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By Helen Silvis of The Skanner News
Published: 30 July 2013

Southeast 123rd and Division Street at vacant site

Corner of 123rd and Division Street

Trees. Parks. Playgrounds. Some neighborhoods have them. Others don't. Take East Portland. Home to 40 percent of the city's children and teens, many neighborhoods east of NE 82nd Avenue simply don't have enough safe places to exercise, play and enjoy the outdoors.

Parks matter for many reasons. They're important to our physical and mental health. They give us beautiful places to play, walk, picnic and hold community gatherings. They help keep cities cool in hot weather. They soak up storm water, which prevents flooding.  And their trees pump out oxygen, improving our air quality.

The Parks bureau owns more than a dozen sites in East Portland and has created master plans for seven of them.  But it's unclear how building out those plans will be funded. Commissioner Amanda Fritz, who recently took over the parks portfolio, is weighing her options. 

Meanwhile, environmental justice nonprofit Groundwork Portland is working with East Portland neighbors through the East Portland Action Plan's brownfields subcommittee, to turn unused lots into community green spaces and gathering places.  Brownfields are vacant city lots that present a challenge for development because they are polluted or contain other potential hazards.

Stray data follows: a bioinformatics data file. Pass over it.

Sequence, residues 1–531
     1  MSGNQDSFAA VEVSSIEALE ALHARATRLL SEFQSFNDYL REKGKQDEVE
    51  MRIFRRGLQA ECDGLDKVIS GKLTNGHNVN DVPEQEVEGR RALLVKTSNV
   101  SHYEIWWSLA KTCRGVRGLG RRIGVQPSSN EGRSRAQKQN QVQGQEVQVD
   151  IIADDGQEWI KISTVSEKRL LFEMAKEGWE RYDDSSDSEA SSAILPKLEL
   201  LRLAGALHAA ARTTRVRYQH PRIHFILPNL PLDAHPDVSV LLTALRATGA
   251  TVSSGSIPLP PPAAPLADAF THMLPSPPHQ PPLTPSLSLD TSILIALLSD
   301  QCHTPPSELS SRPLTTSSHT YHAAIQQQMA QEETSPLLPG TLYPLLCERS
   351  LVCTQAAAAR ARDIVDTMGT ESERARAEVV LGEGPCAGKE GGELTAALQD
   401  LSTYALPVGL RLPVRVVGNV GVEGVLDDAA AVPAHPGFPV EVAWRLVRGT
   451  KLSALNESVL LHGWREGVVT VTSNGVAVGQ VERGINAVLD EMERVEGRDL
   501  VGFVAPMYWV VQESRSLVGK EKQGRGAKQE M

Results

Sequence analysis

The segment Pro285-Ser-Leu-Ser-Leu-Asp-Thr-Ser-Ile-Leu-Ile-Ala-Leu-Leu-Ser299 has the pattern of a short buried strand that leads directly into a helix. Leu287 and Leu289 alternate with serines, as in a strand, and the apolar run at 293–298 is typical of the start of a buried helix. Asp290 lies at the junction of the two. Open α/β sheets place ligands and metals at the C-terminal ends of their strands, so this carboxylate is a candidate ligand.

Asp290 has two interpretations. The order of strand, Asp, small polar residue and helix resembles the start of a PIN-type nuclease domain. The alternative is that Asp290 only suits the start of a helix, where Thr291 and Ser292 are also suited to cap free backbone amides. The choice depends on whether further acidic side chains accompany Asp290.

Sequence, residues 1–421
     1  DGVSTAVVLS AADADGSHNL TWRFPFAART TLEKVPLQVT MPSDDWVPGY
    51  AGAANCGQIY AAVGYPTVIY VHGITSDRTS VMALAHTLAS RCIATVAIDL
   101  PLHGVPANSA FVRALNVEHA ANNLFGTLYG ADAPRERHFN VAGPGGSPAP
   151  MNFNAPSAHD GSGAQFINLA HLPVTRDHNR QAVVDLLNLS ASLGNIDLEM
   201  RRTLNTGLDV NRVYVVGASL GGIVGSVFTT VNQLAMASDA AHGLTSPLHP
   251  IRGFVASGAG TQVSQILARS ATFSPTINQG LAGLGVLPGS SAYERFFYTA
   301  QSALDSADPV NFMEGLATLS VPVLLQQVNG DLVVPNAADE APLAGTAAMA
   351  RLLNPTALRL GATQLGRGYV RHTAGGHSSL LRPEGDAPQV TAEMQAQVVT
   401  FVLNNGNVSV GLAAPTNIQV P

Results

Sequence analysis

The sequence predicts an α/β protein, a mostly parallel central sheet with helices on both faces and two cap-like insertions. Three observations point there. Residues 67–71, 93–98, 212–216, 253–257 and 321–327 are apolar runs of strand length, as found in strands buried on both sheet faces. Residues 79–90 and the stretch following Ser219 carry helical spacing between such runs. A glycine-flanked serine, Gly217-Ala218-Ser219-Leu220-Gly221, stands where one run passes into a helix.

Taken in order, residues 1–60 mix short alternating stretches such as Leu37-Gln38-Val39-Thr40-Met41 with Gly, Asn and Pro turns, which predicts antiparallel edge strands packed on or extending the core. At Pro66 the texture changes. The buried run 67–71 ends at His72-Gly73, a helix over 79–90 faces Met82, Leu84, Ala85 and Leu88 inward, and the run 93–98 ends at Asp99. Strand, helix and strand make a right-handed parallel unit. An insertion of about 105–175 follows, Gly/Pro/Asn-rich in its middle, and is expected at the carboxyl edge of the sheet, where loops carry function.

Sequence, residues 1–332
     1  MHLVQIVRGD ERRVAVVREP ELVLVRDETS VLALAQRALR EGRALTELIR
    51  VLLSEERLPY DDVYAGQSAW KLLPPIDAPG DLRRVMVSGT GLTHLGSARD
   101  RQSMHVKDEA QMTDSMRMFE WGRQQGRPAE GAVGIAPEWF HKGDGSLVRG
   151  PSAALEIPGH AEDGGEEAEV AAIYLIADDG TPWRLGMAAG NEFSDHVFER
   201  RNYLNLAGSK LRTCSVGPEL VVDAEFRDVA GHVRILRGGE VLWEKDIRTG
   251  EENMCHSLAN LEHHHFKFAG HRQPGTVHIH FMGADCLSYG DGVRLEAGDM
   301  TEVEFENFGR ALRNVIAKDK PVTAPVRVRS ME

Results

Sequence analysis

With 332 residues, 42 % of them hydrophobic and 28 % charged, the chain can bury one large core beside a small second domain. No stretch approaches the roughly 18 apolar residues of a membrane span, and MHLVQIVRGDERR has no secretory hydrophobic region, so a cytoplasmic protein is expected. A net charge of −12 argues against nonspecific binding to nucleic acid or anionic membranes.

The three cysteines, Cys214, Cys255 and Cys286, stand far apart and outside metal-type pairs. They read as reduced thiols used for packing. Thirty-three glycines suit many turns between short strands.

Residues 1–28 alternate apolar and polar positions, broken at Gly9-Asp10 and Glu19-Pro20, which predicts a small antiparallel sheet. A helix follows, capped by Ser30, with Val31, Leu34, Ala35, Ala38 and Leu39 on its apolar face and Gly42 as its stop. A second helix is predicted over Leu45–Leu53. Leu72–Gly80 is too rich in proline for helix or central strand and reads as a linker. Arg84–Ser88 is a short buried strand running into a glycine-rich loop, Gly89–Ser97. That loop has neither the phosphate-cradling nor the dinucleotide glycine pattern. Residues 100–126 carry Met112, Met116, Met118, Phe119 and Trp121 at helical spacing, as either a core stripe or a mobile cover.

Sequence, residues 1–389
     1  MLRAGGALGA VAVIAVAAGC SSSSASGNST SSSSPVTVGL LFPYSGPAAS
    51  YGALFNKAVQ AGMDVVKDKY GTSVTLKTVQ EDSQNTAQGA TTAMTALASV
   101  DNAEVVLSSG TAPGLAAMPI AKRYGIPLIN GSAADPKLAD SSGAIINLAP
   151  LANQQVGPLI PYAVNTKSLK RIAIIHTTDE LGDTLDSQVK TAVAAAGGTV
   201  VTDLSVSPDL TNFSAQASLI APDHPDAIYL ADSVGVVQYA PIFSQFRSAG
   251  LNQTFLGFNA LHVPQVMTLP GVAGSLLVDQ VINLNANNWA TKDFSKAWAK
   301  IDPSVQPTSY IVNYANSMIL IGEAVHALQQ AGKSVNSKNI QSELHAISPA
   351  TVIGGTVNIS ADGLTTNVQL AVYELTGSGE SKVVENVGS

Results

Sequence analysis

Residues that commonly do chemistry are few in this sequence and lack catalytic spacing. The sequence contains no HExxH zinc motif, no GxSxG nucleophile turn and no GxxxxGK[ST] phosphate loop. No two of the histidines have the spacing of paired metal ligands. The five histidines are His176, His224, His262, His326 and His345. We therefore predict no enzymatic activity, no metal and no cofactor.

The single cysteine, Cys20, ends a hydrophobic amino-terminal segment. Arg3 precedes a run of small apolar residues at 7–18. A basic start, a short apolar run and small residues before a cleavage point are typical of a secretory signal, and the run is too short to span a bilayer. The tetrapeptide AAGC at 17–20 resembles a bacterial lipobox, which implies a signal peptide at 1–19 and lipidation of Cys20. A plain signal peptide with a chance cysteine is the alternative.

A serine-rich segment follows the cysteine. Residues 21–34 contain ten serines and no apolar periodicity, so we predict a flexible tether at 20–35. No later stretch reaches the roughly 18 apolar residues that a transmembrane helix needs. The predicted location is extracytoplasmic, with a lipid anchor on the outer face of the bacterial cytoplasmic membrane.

"Our challenge is that we are competing with the development market, especially with privately owned sites," says Cassie Cohen, executive director for Groundwork Portland. "We're asking property owners to slow down a bit and not just take the highest bid. So we let owners know that we will test the property to determine whether it is contaminated. And if it is contaminated we'll help pay for cleanup. We encourage them to become the stewards of the land, and leave a legacy that benefits everyone in the local community in the long run."

What's the Future for Portland's Parks?

Portland Parks director Mike Abbaté says the goal is for everyone to live within half a mile of a park.  But although the Parks bureau has acquired land and created plans for several parks and natural areas in East Portland, that goal is still a long way off. One in four Portlanders and 40 percent of Portland's children live east of 82nd Avenue, often in high density apartment buildings. 

"It's all about livability and community," Abbaté says. "Commissioner Fritz is very interested in providing equity by ensuring all Portlanders have access to parks."

To improve play opportunities for some of those children the Parks bureau created a mobile playground that visits some of those apartment buildings, taking play equipment directly to where children live. It's a creative solution to part of the problem.  But in the long term, uneven access to the benefits of parks remains a challenge.

"We have a phenomenal parks system right now, but that's because of previous investments made by Portlanders," Abbaté says. "The question now, knowing we have these gaps, is: 'How do we build out the parks system for the next generations?'"

Figuring out how to fund new parks is now the job of City Commissioner Amanda Fritz. And any proposal will need approval from Portland City Council. In the past new parks have been financed with bonds, and private donations, raised through Portland Parks Foundation.